“Time on our Hands”. Resin and cast hands & arms, with alumina finish.
Between the twists and turns of the weather the lighthouse keepers’ hours were long. It was a life of solitude, away from their family or village. They had many hours to fill and to contemplate. Some have spoken of a constant wonder at the natural beauty and changing light, which they saw, as the days passed from dawn to sunset – ever changing with the seasons. No wonder that some of them were moved to paint, what they observed outside. Others turned the driftwood, string or flotsam, that was washed their way on the tides, into something creative - giving it a new life.
“Time on our Hands” illustrates just five of the numerous lighthouse keepers’ pastimes. Some of the “hobbies” had a practical bent, like cooking, bread making and general baking. For food it wasn’t always easy to get fresh supplies, so gardening was practical as well as time filling. But gardening was quite difficult. The thin, coastal soil and harsh, salty winds made growing impossible for all but the most tough, quick growing plants. As illustrated the thin soil could be improved by the addition of seaweed. But root crops were still impossible. A small garden was however managed for some years at the Mizen Head Signal Station. Model boats called Cirques were made as perfect mini versions of the flat bottomed vessels, that transported livestock up the west coast of Ireland. Also popular was the tradition of creating intricate ships in bottles. The bottles having been emptied first… Lighthouse keepers used, what was readily available, so bottles were decorated with shells, or models were constructed out of spent matches. Despite their tough, manual hands many were able to work with great skill in intricate detail. Fishing was also popular. Coastlines around lighthouses are naturally wild, but at quieter times they could throw a line from a rock or venture out to catch something for supper.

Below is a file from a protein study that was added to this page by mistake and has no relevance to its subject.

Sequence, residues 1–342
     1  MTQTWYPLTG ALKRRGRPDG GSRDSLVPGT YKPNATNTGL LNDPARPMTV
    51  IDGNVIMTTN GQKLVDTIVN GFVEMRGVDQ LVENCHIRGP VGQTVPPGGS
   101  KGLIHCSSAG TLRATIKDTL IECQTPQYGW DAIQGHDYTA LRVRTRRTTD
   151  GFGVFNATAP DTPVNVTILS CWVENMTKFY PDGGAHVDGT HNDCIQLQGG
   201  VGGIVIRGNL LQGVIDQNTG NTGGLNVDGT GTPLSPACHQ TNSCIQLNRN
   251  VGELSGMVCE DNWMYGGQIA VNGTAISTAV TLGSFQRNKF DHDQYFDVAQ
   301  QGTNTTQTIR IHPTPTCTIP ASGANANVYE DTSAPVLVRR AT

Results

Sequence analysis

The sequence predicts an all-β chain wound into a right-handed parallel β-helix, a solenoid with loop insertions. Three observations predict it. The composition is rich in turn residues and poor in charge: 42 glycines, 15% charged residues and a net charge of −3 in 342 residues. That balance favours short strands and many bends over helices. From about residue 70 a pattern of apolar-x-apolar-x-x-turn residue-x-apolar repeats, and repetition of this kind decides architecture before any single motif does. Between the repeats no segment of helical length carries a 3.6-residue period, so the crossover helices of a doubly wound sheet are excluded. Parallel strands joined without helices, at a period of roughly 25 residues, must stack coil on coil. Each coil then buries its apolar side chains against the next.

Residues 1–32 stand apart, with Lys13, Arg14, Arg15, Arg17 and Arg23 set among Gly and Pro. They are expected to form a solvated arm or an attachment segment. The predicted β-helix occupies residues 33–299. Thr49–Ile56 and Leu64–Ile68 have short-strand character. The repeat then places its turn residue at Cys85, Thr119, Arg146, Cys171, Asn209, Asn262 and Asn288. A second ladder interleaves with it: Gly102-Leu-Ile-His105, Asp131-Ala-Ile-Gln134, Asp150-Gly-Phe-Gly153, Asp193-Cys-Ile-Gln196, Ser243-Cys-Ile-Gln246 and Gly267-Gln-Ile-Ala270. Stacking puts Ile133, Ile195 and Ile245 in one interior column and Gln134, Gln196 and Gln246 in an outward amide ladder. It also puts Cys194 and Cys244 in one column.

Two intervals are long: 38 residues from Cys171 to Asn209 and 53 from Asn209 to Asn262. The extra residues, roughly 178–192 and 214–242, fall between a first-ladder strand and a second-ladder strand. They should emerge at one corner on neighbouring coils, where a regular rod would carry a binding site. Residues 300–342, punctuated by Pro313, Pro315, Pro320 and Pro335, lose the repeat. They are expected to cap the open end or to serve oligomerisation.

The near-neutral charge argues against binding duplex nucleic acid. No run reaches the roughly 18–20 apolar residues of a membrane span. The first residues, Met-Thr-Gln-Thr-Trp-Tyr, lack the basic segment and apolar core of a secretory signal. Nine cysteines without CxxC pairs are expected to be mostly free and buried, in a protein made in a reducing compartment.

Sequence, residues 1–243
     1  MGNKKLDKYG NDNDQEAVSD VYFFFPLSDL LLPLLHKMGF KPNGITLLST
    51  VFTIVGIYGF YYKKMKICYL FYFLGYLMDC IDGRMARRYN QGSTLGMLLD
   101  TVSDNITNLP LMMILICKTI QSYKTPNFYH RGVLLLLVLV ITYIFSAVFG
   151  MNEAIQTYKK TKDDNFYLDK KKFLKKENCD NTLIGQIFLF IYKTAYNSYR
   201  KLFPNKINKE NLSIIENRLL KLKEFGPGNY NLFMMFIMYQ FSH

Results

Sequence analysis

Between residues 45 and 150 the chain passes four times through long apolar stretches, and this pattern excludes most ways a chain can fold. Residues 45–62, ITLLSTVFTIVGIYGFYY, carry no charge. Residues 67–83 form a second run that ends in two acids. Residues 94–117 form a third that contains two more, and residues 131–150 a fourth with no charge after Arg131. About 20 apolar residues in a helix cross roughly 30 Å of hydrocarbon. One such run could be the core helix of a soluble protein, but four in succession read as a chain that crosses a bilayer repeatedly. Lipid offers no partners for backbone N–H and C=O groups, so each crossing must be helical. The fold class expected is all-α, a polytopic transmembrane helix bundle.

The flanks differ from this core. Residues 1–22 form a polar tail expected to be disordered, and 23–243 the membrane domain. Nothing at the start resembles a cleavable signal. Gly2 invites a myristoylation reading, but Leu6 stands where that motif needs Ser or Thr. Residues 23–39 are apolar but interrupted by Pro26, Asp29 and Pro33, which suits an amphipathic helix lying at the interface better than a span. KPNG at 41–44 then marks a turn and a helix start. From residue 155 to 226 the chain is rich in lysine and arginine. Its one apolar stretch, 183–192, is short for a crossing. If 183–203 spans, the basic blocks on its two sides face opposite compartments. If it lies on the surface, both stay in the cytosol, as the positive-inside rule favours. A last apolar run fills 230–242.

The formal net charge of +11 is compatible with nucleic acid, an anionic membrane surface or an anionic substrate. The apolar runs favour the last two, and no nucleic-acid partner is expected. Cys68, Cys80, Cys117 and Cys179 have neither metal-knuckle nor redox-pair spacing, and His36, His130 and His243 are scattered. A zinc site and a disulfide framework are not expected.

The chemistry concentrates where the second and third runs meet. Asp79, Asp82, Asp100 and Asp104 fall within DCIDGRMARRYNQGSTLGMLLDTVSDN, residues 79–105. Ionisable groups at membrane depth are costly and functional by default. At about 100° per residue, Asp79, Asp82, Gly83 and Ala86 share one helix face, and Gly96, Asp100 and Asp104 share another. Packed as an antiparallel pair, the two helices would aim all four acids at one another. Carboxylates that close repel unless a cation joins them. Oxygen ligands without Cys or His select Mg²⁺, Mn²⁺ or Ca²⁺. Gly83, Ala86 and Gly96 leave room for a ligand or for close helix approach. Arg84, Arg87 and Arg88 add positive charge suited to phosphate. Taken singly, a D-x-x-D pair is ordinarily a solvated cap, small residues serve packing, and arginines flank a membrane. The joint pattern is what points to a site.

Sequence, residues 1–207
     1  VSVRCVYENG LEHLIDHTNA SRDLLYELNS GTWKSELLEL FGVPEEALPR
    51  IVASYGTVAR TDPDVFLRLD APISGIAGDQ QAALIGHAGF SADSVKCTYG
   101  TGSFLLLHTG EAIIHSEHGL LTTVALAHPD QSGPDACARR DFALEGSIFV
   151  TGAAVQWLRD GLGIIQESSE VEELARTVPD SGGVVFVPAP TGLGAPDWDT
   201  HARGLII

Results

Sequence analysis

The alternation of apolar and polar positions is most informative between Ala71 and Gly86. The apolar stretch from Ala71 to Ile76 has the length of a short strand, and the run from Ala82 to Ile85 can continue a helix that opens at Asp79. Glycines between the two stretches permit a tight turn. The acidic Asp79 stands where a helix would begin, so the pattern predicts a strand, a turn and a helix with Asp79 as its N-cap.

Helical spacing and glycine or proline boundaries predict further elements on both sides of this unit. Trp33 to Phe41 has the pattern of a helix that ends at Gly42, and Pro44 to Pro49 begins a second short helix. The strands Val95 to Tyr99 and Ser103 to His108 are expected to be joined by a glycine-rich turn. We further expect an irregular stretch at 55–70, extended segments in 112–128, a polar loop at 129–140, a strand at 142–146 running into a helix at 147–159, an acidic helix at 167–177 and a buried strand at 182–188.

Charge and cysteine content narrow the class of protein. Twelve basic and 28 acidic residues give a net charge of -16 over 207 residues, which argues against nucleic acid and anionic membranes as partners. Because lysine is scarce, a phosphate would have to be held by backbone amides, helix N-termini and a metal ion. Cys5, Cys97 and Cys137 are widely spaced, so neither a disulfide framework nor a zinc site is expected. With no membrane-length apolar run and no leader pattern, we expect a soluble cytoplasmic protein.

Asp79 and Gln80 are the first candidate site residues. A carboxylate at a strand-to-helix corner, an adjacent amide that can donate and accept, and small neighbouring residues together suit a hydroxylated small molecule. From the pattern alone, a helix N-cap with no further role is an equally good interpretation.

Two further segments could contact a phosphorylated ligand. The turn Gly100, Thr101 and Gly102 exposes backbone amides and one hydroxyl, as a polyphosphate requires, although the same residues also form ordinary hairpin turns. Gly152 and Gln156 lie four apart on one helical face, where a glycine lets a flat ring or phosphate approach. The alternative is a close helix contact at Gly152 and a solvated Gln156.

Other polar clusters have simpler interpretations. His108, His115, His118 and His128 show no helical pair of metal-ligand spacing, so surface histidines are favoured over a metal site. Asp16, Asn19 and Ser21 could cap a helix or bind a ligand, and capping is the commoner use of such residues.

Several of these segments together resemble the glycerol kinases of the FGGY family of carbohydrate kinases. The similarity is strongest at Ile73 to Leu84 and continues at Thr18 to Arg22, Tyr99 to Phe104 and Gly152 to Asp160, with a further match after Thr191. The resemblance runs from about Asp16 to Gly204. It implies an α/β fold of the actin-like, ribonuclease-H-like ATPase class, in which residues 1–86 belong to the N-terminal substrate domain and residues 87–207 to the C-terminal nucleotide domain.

“Kinetic Seagulls”. Wood. The life size, flying sea birds, depict the Common gull and the Herring gull. The largest bird is the great Black backed gull, flying home to its nest on the cliffs with a mackerel. The distinctive, red dot on the underside of the beak is to guide the chicks to peck, and thereby make their parent release the food.